The evaluating circuit must be relatively independent of interferences and tolerances of the line elements and must protect the evaluating means used against excessive voltages (cg, lightnings).

The evaluating circuit arrangements hitherto known are essentially asymmetric receiving circuits; the few symmetrical receiving circuits are either very expensive or show essential disadvantages, as for example the symmetrical relay circuits. In the asymmetrical receiving or evaluating circuits the voltage drop, caused by the current at the respective feeder resistance, is compared with ice a correspondingly selected portion of the battery voltage for evaluation purposes.

The disadvantages of the asymmetrical receiving circuits are that the longitudinal interfering current, caused by the induced longitudinal interfering voltage applied via the wire-ground-capacitance is completely included in the measuring result.

The well known relay evaluating circuits excel on the one hand in that the operating range is practically unlimited, because almost no protection is required against short-time excessive voltages and in that they provide a complete potential separation between the loop to be supervised, the input circuit and the evaluation means in the output circuit. But, on the other hand, the following disadvantages must be taken into consideration. Due to the immense temperature dependence of the winding resistance of the relay coils the evaluation is rather unreliable. If several measuring ranges are provided several different relay winding types must be used for the corre sponding threshold values. Another drawback with relay circuitry is the limited switching speed of the relays.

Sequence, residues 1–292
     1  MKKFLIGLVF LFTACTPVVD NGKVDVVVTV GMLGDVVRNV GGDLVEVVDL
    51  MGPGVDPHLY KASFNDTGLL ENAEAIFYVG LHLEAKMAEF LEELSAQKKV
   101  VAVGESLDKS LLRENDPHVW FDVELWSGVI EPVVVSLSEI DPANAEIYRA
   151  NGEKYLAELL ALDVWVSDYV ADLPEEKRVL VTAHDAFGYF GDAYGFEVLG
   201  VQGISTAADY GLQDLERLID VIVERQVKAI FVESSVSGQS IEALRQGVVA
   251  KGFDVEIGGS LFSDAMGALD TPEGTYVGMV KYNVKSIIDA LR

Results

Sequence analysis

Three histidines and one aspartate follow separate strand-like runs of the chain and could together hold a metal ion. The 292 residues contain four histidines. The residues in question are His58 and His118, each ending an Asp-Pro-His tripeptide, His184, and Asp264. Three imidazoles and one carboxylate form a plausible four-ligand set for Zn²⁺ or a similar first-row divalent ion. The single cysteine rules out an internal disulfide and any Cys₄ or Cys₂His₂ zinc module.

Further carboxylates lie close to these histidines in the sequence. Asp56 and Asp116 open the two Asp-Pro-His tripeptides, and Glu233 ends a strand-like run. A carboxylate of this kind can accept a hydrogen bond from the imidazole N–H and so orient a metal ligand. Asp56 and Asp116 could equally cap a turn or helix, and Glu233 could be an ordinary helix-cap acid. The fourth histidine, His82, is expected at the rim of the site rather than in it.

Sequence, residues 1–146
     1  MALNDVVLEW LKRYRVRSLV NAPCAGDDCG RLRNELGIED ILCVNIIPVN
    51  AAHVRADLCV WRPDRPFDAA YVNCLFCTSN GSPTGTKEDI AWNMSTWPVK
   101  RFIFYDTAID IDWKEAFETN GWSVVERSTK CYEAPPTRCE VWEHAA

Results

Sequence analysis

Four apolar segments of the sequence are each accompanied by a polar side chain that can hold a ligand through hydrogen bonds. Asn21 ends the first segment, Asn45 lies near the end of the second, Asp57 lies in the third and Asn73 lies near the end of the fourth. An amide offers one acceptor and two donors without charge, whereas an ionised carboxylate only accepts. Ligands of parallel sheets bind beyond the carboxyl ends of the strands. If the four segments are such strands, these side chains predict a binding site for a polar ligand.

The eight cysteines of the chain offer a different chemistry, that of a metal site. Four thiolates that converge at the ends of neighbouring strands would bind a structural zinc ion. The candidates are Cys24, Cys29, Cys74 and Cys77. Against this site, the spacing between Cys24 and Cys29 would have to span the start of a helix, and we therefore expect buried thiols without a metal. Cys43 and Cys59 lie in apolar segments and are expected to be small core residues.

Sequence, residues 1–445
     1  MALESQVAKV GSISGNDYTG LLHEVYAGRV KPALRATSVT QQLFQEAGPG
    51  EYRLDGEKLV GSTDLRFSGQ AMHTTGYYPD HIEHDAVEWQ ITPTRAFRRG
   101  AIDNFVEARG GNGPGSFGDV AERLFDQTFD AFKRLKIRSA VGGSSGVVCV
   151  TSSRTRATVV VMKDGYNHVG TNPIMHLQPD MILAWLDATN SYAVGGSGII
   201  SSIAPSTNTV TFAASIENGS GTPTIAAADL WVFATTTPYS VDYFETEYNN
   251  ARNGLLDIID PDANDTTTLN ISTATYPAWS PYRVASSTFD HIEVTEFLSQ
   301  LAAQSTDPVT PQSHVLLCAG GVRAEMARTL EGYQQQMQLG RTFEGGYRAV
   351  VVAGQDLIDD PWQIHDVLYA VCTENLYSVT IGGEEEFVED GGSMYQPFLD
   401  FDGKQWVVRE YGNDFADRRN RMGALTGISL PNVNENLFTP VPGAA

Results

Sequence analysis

The circuit arrangement according to the invention shows the advantages that the indication of the evaluating device is independent of symmetrical interferences, i.e., independent of the magnitude of the longitudinal voltage and its phase position; that each threshold value can be set, and that the evaluation is made with sufiicient speed.

This is achieved according to the invention in that an evaluating device such as a solid state switch, or differential amplifier can be connected with the line terminals through at least one auxiliary potential difference source. The sum voltage of the auxiliary sources is directed oppositely to the feeder or supply voltage, and the auxiliary voltages are selected so that, when the value being evaluated equals the threshold value of the loop resistance, then a bridge-type circuit at the terminals of the evaluating device is balanced. (Potential difference preferably zero.)

The evaluating circuit is widely independent of fiuctuations of the battery voltage according to the invention, because the potentials at the terminals of the evaluating device are each derived from a separate voltage divider, one voltage divider is connected with its second resistor to the negative pole of the supply source and with the first resistor to the positive terminal of the supply source; the other voltage divider is connected with its second resistor to the positive pole of the supply source and with its first resistor to the negative terminal of the supply source.

Protection from excessive voltages is achieved, according to the invention, because of the high resistance value of the voltage divider resistors. This measure shows another advantage, namely that the voltage deviation at the terminals of the evaluating device increases.